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A Knowledge-Centered Approach

Indeed, of his many colorful attributes, Edison is probably most famous for maniacal persistence, frequently working 90100 hours per week. “I never quit til I get what I’m after,” he reportedly answered when asked the key to his success, a variation on his famous maxim that “genius is 1 percent inspiration and 99 percent perspiration.”

Nowhere is Edison’s tireless persistence as evident today as in a rarely viewed attic closet at the West Orange facility. Walking past rows of shelves holding uncatalogued artifacts on the main building’s top floor, Gerbauckas opens the closet door to reveal a staggering display. Here, on shelves and floor, stand scores of phonograph horns of every size and shape. Some are round, others angular; some are short and squat while others are elongated, standing as much as six feet tall. This rogues’ gallery of rejected prototypes offers a rich visual testament to Edison’s approach: to try out every design he could conceive of.

Extremely hard of hearing, Edison was often frustrated upon not getting loud enough or clear enough sound from his phonograph machine. Edison’s archivists have found, Gerbauckas recounts, that the inventor would sometimes even clamp his teeth onto a phonograph horn as a hearing aid, feeling the sound vibrate through his jaw.

Yet the archives reveal that the conventional emphasis on Edison’s persistence has overshadowed an equally important attribute: a “wild enthusiasm” for any events out of the ordinary. This openness to new inputs and associations would often elude modern laboratories that attempted to build on Edison’s approach.

His openness was reflected in his ability to quickly capitalize on emerging scientific knowledge. Rather than wrestle with advancing scientific theory himself, he would comb the published literature for ideas that sparked his interest. This strategy, coupled with independence from corporate hierarchy, gave Edison extraordinary flexibility to regularly reinvent and reconfigure his laboratory.

Carlson notes that “the lab’s arrangement was in constant flux,” with Edison often redirecting efforts at its various branches and rearranging their thin, non-load-bearing wooden walls to accommodate the new ventures. On one occasion late in 1900, for example, when it was clear that an iron-ore mining venture in which Edison had invested both financial and technical resources was failing, he returned to the West Orange lab on a weekend, cleared out a room in the main building, and laid out a detailed plan to completely redirect the team’s efforts toward the manufacture of Portland cement, which could capitalize on some of the same equipment and materials.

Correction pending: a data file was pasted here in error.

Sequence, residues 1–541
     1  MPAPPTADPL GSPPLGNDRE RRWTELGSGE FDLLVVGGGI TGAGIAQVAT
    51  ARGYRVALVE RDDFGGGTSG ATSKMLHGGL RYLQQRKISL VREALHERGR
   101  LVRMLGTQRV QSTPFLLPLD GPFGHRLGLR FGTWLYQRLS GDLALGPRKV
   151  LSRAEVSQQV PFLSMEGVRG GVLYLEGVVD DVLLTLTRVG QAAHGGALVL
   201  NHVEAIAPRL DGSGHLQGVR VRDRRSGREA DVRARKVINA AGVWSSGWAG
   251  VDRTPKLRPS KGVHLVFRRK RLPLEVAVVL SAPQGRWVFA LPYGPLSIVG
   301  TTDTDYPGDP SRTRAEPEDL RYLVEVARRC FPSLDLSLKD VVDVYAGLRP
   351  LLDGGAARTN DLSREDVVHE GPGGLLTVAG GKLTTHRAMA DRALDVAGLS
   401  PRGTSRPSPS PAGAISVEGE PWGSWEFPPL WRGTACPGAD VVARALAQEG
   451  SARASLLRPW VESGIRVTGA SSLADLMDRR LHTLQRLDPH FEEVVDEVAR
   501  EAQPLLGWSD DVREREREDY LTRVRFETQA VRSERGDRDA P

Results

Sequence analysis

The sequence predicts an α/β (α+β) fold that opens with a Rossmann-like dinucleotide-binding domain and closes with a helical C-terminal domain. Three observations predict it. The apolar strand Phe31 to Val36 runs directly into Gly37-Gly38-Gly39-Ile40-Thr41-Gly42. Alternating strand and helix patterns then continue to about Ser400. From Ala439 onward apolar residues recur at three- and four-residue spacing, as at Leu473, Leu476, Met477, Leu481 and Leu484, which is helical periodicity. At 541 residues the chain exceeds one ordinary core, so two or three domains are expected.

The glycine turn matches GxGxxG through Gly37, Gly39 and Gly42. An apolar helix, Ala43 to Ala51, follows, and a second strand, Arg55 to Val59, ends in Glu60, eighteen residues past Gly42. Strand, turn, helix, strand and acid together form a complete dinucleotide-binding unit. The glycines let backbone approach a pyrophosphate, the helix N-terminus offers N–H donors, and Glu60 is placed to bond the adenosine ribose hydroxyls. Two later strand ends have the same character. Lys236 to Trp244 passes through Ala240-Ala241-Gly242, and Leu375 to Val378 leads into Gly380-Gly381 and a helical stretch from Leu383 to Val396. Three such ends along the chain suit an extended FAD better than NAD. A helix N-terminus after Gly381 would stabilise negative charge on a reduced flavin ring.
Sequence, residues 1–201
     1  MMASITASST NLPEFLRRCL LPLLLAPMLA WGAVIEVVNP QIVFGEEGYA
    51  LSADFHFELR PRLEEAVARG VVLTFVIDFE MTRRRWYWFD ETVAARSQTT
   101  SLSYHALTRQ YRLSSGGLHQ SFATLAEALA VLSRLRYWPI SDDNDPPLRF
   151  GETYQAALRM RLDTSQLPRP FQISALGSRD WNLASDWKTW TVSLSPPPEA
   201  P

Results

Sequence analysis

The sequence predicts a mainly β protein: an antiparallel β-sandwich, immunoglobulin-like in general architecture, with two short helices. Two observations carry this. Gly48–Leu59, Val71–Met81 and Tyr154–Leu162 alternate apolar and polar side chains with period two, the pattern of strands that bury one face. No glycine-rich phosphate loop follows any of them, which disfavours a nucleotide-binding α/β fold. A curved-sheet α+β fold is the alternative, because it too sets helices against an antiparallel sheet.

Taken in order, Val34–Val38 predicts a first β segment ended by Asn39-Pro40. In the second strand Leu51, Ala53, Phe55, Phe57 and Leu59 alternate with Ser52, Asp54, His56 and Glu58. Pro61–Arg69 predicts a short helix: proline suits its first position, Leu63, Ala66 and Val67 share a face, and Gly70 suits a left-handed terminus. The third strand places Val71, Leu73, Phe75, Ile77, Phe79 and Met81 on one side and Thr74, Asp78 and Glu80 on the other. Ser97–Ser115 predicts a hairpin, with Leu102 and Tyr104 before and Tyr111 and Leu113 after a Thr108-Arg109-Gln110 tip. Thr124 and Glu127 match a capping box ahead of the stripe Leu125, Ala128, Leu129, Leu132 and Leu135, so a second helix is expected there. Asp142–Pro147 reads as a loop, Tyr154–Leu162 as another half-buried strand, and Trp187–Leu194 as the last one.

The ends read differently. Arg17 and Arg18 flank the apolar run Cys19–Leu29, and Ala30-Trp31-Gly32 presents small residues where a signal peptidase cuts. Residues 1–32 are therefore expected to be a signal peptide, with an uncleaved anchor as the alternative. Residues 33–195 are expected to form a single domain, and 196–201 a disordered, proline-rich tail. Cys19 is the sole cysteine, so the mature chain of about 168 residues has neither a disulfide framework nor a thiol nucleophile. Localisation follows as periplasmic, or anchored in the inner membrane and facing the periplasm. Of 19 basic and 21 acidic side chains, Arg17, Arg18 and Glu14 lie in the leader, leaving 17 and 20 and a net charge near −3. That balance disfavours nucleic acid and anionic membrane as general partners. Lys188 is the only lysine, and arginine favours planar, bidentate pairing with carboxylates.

Israel reports that he has uncovered new evidence of Edison’s enormous talent for appropriating techniques that may have failed in one instance and using them to great effect in another. For example, Edison’s unsuccessful work to develop an undersea telegraph cable ultimately led to a breakthrough on a telephone transmitter. In repeated attempts to maintain a constant level of electrical resistance in a prototype of a lengthy transatlantic cable, Edison simply couldn’t solve the problem. Many months later, in his work on the telephone, Edison used the principle of variable resistance to help design a telephone transmitter that adapted to the changing soundwaves of a caller’s voice-a technique that would serve as the industry standard for the better part of a century.

“The further we get into examining Edison’s papers,” Israel says, “the more cross-fertilization we recognize, with favored techniques and conceptual models transferred from one problem to the next.” While all modern R&D efforts must struggle to balance creative freedom with practical goals, it increasingly appears that Edison’s success owes much to the freewheeling, flexible framework in which his highly directed efforts thrived.

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